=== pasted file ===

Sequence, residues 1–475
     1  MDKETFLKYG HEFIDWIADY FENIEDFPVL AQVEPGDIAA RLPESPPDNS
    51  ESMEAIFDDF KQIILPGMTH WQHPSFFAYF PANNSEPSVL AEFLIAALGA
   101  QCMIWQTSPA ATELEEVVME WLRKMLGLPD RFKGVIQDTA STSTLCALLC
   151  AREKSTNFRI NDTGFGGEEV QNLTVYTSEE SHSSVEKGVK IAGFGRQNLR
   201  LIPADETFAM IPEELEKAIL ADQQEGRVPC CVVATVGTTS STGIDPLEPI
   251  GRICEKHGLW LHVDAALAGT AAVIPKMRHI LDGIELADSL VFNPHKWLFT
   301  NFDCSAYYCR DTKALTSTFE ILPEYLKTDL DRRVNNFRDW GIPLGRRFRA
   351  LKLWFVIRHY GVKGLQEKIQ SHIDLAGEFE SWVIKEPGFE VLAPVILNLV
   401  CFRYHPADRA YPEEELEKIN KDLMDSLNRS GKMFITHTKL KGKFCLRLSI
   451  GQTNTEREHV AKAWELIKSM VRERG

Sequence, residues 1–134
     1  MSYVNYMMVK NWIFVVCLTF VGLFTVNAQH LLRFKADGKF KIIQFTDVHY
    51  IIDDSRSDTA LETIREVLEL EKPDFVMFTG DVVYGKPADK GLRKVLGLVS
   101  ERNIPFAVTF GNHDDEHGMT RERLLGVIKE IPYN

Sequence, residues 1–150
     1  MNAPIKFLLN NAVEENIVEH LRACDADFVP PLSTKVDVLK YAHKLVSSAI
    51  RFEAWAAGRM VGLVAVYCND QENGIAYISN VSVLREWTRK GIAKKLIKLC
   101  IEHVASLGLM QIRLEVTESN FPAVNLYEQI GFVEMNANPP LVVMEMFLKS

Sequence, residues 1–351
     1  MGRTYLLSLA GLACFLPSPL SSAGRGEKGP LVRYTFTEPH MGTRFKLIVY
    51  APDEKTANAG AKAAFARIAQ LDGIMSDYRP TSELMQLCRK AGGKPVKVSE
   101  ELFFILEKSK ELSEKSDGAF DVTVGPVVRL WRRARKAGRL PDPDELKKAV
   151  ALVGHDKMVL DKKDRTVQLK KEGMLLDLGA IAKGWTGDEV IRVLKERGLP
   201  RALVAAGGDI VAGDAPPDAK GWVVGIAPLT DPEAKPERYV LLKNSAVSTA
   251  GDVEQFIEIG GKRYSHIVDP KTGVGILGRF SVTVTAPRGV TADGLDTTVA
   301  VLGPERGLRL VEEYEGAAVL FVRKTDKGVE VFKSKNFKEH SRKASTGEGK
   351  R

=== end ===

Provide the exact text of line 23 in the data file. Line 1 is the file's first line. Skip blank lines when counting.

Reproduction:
   101  ELFFILEKSK ELSEKSDGAF DVTVGPVVRL WRRARKAGRL PDPDELKKAV